--Gilda Carbonaro in her memorial to her son, Marine Sgt. Alessandro Carbonaro of Bethesda, MD, who died at age 28.
“When he came to me, he said I'm gonna miss you most of all, Scarecrow. Because both of us love the Wizard of Oz. And I didn't really understand that it was the last time I would ever see him or hold him. And finally, he gave me a hug and I turned away and I started to cry. And he spoke to the rest of the family and then he walked back into his barracks and raised his hand as if in a salute to us.
And that night an incredible full moon rose in the sky, the biggest full moon I've ever seen. And I thought it was a sign but I didn't know what kind of sign it was, now whenever I see full moons I always think of Sherwood.”
--Celeste Zappala in her video memorial for her son Army Sgt. Sherwood R. Baker of Plymouth, PA, killed in Baghdad, Iraq at age 30.
“This was a child that every parent would be very, very proud of. Every parent should have the relationship that I have with my son. He was my right hand. He was my friend, my son, my confidant. And to lose somebody such as Seth is a tremendous lost to me as a mother. I've lost what I felt was going to be a young man with a phenomenal future that would have everything that he needed or wanted …”
--Sue Niederer talking about her son Army 2nd Lt. Seth J. Dvorin of East Brunswick, NJ, killed in Iskandariyah, Iraq at age 24.
“I'm amazed constantly that he was my child. I thought he was such a gift. And I believe that what most of the people that he served with will always remember about him is his cheerful attitude; his willingness to always jump in and help; and his sense of humor; his love for music and all the arts; and just the way he loved his fellow man.”
--Alfred Zappala speaking about his son Army Sgt. Sherwood R. Baker, killed in Baghdad, Iraq at age 30.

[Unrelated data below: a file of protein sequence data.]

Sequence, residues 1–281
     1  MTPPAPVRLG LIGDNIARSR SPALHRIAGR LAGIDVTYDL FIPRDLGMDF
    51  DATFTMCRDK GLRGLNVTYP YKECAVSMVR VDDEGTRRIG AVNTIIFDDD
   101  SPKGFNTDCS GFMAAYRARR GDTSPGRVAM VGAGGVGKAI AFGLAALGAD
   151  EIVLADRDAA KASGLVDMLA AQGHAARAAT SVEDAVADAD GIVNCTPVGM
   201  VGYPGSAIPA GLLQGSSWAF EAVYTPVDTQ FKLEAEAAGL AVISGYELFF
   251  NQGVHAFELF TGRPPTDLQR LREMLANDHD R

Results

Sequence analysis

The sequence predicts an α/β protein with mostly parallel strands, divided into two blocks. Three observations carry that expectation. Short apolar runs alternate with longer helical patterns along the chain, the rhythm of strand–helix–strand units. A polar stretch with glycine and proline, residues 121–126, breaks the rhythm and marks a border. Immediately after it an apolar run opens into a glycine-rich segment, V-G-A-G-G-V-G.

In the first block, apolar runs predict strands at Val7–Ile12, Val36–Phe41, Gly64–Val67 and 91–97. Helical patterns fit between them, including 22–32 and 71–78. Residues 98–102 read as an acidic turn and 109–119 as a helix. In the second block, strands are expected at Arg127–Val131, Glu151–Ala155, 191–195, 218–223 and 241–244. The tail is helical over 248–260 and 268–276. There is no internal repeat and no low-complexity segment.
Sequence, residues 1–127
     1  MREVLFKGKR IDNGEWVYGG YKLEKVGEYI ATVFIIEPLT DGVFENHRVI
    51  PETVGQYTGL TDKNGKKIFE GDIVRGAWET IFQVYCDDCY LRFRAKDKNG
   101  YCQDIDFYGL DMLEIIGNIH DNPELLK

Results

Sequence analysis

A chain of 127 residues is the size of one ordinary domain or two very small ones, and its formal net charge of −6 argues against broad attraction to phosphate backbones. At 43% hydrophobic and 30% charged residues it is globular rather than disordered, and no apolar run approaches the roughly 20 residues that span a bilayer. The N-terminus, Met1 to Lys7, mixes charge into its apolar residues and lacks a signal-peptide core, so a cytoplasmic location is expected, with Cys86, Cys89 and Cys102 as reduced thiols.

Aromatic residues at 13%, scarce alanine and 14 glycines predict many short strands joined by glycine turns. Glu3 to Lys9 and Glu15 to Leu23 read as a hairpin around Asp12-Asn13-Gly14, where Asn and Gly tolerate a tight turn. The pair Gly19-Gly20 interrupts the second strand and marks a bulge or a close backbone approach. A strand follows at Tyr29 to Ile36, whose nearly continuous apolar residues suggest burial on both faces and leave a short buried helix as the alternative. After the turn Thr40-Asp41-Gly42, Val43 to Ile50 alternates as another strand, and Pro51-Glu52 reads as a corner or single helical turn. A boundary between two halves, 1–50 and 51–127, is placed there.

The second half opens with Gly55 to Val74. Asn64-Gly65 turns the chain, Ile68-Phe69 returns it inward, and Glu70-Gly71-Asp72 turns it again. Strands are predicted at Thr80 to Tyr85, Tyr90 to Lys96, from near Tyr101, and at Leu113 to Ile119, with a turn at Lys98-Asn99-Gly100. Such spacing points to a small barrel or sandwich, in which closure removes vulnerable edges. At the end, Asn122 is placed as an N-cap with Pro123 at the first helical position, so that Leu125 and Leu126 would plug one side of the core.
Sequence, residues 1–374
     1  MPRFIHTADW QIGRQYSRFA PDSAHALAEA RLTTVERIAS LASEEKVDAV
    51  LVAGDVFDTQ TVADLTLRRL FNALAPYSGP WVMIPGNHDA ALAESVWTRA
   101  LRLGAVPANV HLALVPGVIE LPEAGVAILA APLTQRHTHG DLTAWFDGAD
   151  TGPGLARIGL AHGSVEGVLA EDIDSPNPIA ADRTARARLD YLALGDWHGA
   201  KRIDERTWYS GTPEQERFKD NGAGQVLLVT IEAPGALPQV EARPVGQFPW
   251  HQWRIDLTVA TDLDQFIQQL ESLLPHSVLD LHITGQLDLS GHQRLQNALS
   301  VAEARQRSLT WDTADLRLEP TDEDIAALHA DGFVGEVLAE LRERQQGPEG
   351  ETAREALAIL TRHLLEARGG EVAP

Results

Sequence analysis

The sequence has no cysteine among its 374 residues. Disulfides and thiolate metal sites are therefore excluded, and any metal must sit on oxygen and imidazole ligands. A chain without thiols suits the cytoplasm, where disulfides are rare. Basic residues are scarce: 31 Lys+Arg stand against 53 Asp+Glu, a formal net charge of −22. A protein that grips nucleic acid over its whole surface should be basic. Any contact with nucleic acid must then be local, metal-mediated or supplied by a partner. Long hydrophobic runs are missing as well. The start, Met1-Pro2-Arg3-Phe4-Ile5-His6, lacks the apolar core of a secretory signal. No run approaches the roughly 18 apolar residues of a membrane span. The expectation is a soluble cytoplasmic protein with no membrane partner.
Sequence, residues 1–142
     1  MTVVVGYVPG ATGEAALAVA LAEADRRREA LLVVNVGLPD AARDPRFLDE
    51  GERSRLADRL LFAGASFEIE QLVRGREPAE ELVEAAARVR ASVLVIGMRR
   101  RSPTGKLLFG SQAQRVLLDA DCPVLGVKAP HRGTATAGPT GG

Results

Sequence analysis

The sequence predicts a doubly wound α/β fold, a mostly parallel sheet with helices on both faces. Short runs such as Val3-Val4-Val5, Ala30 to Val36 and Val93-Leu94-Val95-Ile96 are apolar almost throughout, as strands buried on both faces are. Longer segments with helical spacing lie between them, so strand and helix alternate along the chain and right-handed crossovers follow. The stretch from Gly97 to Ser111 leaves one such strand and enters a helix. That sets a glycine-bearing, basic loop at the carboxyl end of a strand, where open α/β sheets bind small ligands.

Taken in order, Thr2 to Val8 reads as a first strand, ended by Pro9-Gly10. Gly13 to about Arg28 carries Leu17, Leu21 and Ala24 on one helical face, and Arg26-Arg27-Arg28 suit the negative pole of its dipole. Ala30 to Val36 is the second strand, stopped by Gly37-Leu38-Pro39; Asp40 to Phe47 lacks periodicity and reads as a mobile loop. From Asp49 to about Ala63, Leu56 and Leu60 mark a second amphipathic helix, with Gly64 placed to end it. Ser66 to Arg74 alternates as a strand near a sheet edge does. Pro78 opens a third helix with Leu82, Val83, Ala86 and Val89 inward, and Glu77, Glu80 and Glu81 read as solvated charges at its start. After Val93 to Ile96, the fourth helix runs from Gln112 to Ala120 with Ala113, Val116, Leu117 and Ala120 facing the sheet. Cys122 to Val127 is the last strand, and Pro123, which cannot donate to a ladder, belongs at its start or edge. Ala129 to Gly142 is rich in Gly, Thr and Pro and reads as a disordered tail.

“When Paul died I was given his laptop computer. It was a bitter sweet gift. On it was hundreds of photos documenting his time in Iraq. He had documented how him and his buddies, making the best of a difficult situation. I could see his life loving nature come through those pictures. The day I heard the news, his helicopter was shot down, I knew he was on it before the call came. There was an instant void. He died doing what he loved. There is some comfort knowing that. The thing that most people remember about Paul is how much he loved life and his infectious smile. Without Paul in this world, the sun just doesn't shine as bright. He is desperately missed by his family, his friends and most of all his son.”
--Dawn Brastad in her video memorial to her brother Army Staff Sgt. Paul M. Neff II of Fort Mill, SC, shot down and killed in Tikrit, Iraq at age 30.
Los Angeles Events
Sunset Beach Screening of Iraq Veterans Memorial (7:15pm), Candle Light Vigil and Veterans Choir (6pm)
Saturday March 17th 6pm
By Arlington West, just North of Santa Monica Pier
Laptop Vigil together with Silverlake Neighbors for Peace & Justice
Monday March 19th:
Corner of Sunset & Echo Park Blvds
Monday March 19th 6pm
Laptop Vigil together with Stand Up for Peace
Monday March 19th 6pm
12051 Ventura Blvd (Ventura at Laurel Canyon)
Studio City, CA 91604
Vidiots Video Store Screenings of Iraq Veterans Memorial
Saturday and Sunday March 17th and 18th - ongoing
302 Pico Blvd.
Santa Monica, CA 90405
Sherry Frumkin Gallery Screenings of Iraq Veterans Memorial
Saturday March 17th throughout the day
3026 Airport Ave., Suite 21
Santa Monica 90405
New York Events
LaFayette Avenue Presbyterian Church Sunday Morning Screening
Sunday March 18th
85 S. Oxford Street
Brooklyn, NY 11217
Vox Pop Café Weekend Screening
Throughout the weekend
1022 Cortelyou Road
Brooklyn, NY 11218
Washington D.C. Event
SEUI Screening to Mark Fourth Anniversary of the War and Honor those Lost
Monday March 19th, 12pm
1800 Massachiustes Ave, NW Conference Room 1004
Washington, D.C. 20036